BOISE — Teachers unions and other foes of proposed education reforms easily outraised those promoting the measures ahead of a Nov. 6 vote that will determine if the changes survive.
The group Vote No on Propositions 1, 2, 3 added $1.3 million through Sept. 30, compared with just $164,857 for the group Yes for Education, according to the Idaho secretary of state's office.
The Federation of Republican Women also has raised more than $100,000, mostly for radio ads to promote the reforms. And reform backers have raised at least $200,000 through a separate group that's concealing contributors' identities.
Still, opponents of the "Students Come First" overhaul pushed by Superintendent of Public Instruction Tom Luna appear to have a significant cash advantage that they've used on, among other things, TV commercials seeking to persuade voters to reject the reforms.
The education reforms passed by the 2011 Legislature limit union bargaining power, promote teacher merit pay and require online classes.
The National Education Association union group, based in Washington, D.C., chipped in the most to fight the reforms, nearly $1.1 million.
"We're grateful to the hundreds of thousands of teachers who basically contributed that money that we are receiving from the National Education Association," said Brian Cronin, a Democratic state representative who is leading the effort to overturn the reforms. "People trust teachers and understand that teachers have the kids' best interest at heart."
Advocates of the reforms — including members of the Idaho Republican Party, Luna and Gov. CL. "Butch" Otter — have portrayed foes as being financed by out-of-state unions.
"In my opinion, it's just the unions trying to buy control of Idaho schools," said Ken Burgess, the lobbyist leading the push to raise money to promote the reforms.
Mack Shirley, a retiring Republican House member and former teacher from Rexburg, is helping defend the reforms at the ballot box and chipped in $2,000 to the effort.
Shirley said he was a concerned that his group had not yet amassed deeper reserves to spread its message. He's finding some people still don't know whether a "yes" or "no" vote supports the reforms.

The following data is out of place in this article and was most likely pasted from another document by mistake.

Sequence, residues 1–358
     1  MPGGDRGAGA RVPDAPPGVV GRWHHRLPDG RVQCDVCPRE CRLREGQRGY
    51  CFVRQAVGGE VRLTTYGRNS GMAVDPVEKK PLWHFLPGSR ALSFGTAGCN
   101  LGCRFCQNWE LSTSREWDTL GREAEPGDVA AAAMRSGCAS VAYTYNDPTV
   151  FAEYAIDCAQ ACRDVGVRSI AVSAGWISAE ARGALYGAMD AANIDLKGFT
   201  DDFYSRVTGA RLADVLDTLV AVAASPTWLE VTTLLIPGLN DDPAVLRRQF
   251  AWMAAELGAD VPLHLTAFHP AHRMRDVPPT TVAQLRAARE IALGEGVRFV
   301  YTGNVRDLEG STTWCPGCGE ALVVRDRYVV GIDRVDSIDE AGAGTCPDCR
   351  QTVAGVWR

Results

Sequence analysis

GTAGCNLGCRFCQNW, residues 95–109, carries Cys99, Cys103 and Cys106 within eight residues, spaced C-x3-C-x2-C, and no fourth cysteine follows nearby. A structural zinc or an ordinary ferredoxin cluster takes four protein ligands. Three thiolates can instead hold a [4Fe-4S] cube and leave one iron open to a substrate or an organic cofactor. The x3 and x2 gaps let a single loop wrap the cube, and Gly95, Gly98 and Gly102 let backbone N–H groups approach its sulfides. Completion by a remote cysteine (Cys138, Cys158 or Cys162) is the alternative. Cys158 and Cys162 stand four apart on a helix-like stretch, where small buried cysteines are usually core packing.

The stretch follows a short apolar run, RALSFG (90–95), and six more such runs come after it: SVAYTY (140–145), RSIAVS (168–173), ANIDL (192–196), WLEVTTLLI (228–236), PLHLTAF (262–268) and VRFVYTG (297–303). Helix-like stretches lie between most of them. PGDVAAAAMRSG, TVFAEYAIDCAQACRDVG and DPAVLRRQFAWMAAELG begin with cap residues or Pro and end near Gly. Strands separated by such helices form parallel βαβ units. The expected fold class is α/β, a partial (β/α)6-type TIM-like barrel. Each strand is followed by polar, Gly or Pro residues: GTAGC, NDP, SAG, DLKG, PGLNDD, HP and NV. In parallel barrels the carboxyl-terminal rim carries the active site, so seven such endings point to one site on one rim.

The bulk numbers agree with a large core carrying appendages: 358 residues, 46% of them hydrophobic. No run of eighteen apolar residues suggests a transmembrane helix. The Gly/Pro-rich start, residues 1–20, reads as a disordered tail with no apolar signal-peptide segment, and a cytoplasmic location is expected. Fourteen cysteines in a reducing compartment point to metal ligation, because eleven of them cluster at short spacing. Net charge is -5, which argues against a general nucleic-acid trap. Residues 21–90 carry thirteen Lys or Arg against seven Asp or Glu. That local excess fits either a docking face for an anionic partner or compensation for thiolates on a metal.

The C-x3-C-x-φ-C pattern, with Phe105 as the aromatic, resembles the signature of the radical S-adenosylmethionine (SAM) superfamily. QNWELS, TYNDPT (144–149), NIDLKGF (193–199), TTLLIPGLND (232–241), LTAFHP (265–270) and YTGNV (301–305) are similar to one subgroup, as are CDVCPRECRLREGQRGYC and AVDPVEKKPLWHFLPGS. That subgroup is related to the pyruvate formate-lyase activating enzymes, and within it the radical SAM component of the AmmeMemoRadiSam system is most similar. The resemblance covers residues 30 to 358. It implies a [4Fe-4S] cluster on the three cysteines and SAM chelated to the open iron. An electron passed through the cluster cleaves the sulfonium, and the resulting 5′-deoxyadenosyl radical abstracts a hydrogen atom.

"I do think we've got to get the public more informed, just on the correct procedure for voting," Shirley said. A "yes" vote is in favor of Luna's reforms, while a "no" vote on the three referendums would overturn them.
Among the major publicly disclosed donors who favor the reforms, direct-marketing health care business owner Frank VanderSloot gave at least $50,000 through his company, Melaleuca.
The Idaho Republican Party gave at least $10,000, while the Idaho Association of Commerce and Industry's political action committee gave $20,500.
Along with the teachers union, notable contributors to the anti-reform effort include state Sen. John Andreason, R-Boise, who gave $300.
It's possible that reform proponents have more cash than has been reported. That's because they're also raising money through the nonprofit Education Voters of Idaho, created Aug. 16. Those donors are exempt from disclosure, according to John Foster, the Boise-based lobbyist who founded the group.
Education Voters of Idaho financed $200,000 in broadcast ads promoting Luna's reforms but hasn't said where the money came from — or if it has more to spend. Foster said only that he was pleased with fundraising so far.
The group's secrecy is the subject of scrutiny by Secretary of State Ben Ysursa, who is investigating whether it's a political action committee that is required by law to disclose its contributors.